I got home about 5:30 and the light was really nice in our back yard so I started a painting but then wiped it off. I was cleaning up when I saw our dog, Fritz, sitting still! His back was to me as he watched the sidewalk waiting to pounce on the next unsuspecting canine. I quickly grabbed a canvas and started to catch him. I had about 3 minutes before he ran off, but I am happy with my quick sketch. I put the background in after he left.

Saturday, May 16, 2009

Winter Painting

I started this painting a year ago or so, as I remember working on it over the week of Christmas 2007! I got to a point that I just didn't know what to do with it so I left it until a few months ago. I finally "saw" what had been bugging me and so I fixed it. I just looked at my blogs and did not find that I had posted this particular painting. I had gone to Prospect Park with PAAC in November 2007 I believe it was and when I finished painting the painting below, Prospect Park in Winter (8"x6"), I turned around and saw another beautiful scene. I took photos and then painted in the studio. It is called "Storm's Coming" and is 16"x12." I sure do enjoy painting trees.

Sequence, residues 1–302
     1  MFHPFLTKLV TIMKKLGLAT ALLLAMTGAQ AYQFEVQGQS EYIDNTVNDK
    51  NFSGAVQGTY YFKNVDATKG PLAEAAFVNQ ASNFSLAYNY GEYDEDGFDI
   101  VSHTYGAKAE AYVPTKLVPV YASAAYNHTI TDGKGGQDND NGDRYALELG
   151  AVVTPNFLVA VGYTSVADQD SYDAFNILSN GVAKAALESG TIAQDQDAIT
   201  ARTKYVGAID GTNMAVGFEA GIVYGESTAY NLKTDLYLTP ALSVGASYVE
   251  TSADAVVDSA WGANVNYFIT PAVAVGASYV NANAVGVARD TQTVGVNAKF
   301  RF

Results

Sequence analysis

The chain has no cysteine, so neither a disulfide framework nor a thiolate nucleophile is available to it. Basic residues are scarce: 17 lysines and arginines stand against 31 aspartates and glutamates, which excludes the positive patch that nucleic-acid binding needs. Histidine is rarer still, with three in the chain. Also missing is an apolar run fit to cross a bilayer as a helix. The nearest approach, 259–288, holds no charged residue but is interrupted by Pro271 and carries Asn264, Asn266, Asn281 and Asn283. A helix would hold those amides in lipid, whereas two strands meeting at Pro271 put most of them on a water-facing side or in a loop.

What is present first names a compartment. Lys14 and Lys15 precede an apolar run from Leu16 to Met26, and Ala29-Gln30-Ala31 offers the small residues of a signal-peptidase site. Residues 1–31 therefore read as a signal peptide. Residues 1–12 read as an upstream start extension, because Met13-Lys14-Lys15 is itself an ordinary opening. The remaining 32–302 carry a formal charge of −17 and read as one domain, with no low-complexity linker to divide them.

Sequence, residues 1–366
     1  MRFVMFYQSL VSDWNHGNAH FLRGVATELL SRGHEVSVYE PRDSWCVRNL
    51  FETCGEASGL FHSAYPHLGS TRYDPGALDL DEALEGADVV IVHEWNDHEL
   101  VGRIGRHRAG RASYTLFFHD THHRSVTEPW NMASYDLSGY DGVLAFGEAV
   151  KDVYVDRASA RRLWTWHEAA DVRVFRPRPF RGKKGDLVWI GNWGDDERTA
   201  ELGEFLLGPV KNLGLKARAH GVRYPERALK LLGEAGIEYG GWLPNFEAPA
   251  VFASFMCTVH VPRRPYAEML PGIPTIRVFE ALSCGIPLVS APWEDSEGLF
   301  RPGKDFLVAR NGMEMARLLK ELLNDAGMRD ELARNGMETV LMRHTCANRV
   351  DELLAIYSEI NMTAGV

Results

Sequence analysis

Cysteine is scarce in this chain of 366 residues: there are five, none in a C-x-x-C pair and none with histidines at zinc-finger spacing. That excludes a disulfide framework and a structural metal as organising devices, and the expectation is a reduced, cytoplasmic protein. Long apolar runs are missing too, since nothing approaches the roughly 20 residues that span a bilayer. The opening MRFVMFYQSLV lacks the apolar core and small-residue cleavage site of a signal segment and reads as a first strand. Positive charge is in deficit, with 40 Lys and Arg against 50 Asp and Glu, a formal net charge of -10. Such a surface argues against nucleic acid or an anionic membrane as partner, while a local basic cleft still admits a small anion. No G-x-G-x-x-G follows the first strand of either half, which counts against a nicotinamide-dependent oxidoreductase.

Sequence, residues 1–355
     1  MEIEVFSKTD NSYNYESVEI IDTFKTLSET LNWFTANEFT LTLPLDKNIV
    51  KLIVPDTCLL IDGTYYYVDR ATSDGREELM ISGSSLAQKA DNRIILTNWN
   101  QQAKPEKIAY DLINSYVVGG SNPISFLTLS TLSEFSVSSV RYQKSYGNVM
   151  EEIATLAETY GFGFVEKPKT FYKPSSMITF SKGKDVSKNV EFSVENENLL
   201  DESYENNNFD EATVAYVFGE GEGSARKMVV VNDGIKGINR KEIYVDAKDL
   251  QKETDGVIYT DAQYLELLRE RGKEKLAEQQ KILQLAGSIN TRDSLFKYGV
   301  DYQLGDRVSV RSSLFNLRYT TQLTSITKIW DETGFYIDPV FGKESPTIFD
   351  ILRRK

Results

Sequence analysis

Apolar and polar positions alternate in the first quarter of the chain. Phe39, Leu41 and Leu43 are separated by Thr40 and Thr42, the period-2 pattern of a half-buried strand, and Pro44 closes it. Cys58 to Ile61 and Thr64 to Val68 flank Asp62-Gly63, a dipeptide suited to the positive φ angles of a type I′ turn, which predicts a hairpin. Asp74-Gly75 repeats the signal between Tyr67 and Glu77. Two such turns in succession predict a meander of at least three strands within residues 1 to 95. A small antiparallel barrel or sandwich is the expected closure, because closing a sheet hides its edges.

Wednesday, May 13, 2009

Hollyhocks or Jeff's Fence